, Pranav Mukul
, Edited by Explained Desk | New Delhi |
Updated: July 16, 2020 6:29:22 pm
The announcement, made at the company’s Annual General Meeting, will enable Jio to export 5G solutions to other telecom players globally, Ambani said.
Reliance Industries CMD Mukesh Ambani Wednesday announced that the company’s telecom venture Jio has designed and developed from scratch, a complete indigenous 5G solution ready for deployment. The announcement, made at the company’s Annual General Meeting, will enable Jio to export 5G solutions to other telecom players globally, Ambani said.
Where does India stand on the deployment of 5G?
Companies, both telecom service providers and their equipment vendors, have completed lab trials of 5G network components but are yet to commence field trials, which were initially scheduled to happen last year. For the same, telecom companies are awaiting allocation of test spectrum from the Department of Telecommunications (DoT). The service providers have already tied up with equipment makers like Nokia, Ericsson, etc for deploying their 5G networks.
What does Jio’s 5G solution comprise?
Jio is said to have a complete end-to-end 5G solution prepared by the company itself that is ready for deployment once the networks are in place. This solution can also be deployed by other telecom operators as a complete managed service. When Reliance announced investment by American chipmaker Qualcomm into Jio, it had said that the investment will deepen the ties between Qualcomm and Jio Platforms, “to support Jio Platforms on its journey to rollout advanced 5G infrastructure and services for Indian customers”. Additionally, with Google’s partnership, Jio plans to develop affordable smartphones using an optimised Android-based operating system. Experts peg that developing an Android 5G app ecosystem focused on emerging markets would also be an area of focus for Google from a medium-term perspective.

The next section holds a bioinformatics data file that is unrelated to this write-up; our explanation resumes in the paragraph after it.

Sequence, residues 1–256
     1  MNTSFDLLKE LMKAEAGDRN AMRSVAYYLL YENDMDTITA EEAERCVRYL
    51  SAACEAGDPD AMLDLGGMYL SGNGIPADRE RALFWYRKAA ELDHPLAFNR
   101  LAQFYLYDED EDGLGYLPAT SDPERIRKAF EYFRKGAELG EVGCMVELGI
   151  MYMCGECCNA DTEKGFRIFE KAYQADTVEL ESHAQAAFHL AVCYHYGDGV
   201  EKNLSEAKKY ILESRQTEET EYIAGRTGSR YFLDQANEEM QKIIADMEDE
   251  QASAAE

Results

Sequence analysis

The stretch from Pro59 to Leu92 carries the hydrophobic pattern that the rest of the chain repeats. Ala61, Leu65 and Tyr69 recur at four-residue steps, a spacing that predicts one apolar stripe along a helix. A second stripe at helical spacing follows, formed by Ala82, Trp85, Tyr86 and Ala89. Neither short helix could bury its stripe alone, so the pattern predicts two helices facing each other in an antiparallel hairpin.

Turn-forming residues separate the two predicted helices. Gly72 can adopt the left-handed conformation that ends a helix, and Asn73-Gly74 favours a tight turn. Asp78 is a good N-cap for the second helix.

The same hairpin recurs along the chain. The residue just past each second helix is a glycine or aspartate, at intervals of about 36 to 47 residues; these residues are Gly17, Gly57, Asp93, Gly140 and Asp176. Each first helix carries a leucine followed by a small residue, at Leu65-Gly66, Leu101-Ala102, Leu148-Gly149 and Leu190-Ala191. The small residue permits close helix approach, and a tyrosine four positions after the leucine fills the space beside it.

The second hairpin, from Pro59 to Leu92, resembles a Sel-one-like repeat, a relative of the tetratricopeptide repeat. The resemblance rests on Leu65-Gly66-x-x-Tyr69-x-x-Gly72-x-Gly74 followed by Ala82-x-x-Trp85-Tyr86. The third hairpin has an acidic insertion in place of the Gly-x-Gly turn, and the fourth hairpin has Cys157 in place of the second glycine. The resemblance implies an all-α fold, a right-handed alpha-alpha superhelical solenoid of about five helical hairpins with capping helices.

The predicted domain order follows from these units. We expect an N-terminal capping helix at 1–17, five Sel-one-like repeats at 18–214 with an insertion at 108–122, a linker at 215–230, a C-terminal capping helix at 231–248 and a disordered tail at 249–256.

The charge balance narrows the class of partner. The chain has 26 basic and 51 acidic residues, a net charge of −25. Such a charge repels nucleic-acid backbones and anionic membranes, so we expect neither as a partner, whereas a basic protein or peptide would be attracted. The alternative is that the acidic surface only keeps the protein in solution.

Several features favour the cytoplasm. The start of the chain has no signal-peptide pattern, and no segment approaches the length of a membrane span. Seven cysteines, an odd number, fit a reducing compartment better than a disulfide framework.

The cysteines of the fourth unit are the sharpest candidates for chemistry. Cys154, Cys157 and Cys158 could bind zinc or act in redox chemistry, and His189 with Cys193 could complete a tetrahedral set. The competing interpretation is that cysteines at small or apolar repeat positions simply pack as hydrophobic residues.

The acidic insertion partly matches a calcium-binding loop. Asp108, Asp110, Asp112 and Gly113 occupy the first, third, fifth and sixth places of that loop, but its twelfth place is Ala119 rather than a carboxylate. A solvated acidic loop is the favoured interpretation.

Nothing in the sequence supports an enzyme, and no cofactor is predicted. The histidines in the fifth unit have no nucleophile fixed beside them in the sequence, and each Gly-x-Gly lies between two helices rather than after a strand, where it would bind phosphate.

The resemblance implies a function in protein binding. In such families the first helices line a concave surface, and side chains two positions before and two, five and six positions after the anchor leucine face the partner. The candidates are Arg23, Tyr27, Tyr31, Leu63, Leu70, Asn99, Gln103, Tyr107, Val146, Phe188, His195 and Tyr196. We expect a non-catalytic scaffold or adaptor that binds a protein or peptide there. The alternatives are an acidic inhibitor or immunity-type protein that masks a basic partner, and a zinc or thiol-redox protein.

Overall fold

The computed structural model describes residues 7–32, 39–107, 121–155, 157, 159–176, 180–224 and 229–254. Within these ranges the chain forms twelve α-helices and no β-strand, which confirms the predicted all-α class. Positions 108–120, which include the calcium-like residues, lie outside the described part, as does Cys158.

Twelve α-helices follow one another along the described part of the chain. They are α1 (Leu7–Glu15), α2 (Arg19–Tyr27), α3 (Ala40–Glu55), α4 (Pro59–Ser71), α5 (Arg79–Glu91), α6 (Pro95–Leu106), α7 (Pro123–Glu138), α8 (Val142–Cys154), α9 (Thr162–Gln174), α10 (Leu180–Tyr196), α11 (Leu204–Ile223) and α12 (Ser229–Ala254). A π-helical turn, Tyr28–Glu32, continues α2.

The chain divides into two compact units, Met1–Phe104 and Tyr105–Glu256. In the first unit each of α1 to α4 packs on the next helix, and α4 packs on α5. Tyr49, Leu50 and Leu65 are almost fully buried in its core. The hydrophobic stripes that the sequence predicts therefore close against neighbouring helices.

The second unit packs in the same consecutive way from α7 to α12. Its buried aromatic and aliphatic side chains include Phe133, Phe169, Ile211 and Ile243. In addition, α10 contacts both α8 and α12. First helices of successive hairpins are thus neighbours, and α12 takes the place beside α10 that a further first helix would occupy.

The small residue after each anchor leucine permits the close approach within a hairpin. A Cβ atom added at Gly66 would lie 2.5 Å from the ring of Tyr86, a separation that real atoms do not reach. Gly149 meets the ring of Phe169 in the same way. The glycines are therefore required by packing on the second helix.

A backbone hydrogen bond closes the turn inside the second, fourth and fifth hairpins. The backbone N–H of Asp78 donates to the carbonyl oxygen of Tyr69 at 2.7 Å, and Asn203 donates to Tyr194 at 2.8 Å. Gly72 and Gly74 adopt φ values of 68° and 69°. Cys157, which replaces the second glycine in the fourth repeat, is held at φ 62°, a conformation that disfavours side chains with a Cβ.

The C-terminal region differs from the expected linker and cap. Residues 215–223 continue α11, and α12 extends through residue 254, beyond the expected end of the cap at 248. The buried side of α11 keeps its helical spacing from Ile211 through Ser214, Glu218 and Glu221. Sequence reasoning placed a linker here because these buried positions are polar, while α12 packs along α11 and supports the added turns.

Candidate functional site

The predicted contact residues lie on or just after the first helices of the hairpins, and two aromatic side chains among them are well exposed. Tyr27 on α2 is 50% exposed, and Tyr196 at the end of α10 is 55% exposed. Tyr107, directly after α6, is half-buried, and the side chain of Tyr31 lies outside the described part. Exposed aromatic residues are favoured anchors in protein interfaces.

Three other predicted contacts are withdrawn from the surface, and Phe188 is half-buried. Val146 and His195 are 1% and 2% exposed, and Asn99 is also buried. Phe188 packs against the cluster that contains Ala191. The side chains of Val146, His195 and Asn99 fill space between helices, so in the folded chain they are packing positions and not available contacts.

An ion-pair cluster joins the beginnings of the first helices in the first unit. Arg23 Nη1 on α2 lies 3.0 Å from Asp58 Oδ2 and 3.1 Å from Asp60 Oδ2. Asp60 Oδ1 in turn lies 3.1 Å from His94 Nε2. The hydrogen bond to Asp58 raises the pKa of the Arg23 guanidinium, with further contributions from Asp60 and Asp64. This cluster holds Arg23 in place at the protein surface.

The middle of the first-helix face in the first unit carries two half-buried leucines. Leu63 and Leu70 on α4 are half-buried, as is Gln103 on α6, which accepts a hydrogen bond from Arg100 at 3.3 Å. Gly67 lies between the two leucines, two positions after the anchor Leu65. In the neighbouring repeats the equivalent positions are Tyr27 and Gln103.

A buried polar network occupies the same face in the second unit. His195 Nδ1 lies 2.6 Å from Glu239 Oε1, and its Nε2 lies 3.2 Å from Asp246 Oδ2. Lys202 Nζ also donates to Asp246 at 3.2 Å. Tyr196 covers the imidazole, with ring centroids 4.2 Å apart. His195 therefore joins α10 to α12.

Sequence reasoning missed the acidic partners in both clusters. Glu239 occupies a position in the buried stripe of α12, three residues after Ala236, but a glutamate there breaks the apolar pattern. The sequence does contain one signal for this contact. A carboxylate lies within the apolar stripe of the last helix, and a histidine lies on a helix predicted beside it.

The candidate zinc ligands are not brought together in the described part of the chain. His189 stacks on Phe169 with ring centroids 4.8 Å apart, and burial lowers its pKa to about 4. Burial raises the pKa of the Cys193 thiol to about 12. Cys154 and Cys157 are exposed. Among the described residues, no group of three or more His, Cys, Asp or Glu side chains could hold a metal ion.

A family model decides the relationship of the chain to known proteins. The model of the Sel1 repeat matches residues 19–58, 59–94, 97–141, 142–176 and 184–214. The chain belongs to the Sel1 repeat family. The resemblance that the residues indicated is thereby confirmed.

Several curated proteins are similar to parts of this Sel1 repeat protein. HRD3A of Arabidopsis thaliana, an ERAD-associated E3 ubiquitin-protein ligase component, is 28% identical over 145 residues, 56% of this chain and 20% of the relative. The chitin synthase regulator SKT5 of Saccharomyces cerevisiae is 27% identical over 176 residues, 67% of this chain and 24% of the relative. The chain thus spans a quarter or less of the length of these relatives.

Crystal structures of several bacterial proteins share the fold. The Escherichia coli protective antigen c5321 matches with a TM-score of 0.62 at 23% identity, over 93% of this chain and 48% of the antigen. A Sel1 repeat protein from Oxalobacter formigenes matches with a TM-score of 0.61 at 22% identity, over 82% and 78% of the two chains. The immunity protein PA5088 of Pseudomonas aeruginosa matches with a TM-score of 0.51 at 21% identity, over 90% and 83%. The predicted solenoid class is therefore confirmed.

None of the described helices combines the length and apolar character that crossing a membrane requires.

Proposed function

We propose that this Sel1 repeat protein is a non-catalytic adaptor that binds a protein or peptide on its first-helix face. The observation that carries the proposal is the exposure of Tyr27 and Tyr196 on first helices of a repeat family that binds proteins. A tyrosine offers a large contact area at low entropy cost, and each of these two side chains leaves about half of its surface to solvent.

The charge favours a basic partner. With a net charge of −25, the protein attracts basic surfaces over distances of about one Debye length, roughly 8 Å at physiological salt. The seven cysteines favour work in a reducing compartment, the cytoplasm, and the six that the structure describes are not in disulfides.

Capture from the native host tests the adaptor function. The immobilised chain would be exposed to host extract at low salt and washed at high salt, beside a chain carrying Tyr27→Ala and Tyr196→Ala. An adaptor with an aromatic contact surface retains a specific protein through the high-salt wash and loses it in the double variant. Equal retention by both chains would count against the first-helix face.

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What is 5G?
5G or fifth generation is the latest upgrade in the long term evolution (LTE) mobile broadband networks. The first generation of networks allowed only mobile voice calls to be made, while the second generation allowed mobile voice calls as well as sending of short text messages. It was the third generation or 3G network which allowed web browsing on mobile devices, the speed and latency of which improved with fourth generation or 4G networks. The 5G networks will have even faster speeds with latency down to between 1-10 milliseconds. Latency is the time a device takes to communicate with the network, which stands at an average of up to 50 milliseconds for 4G networks across the world.
How does 5G work?
All 5G networks chiefly operate on three spectrum bands. The low-band spectrum has been proven to have great coverage and works fast even in underground conditions. However, the maximum speed limit on this band is 100 Mbps (Megabits per second). In the mid-band spectrum, though the speeds are higher, telcos across the world have registered limitations when it comes to coverage area and penetration of telephone signals into buildings. The high-band spectrum offers the highest speed but has extremely limited network coverage area and penetration capabilities. The telcos using this band rely on the existing LTE networks and will need to install a number of smaller towers to ensure adequate coverage and high-speed performance.
What does it mean to be 5G ready?
Globally, companies like AT&T, T-mobile, and Verizon have been deploying 5G networks across their service areas. While AT&T had started rolling out the service as early as 2018, other providers in the US have caught up and are starting to provide limited services on a test case basis to customers. Not only the network, the devices will also have to be 5G ready for customers to be able to enjoy maximum benefits of the latest upgrade in mobile broadband. One of the major improvements in 5G is the use of beam tracking to follow all devices on the network to ensure consistent connection in real-time for the device. 5G networks are also designed to multiple-input multiple-output (MIMO) efficient which improves signal throughput for all devices on the network.
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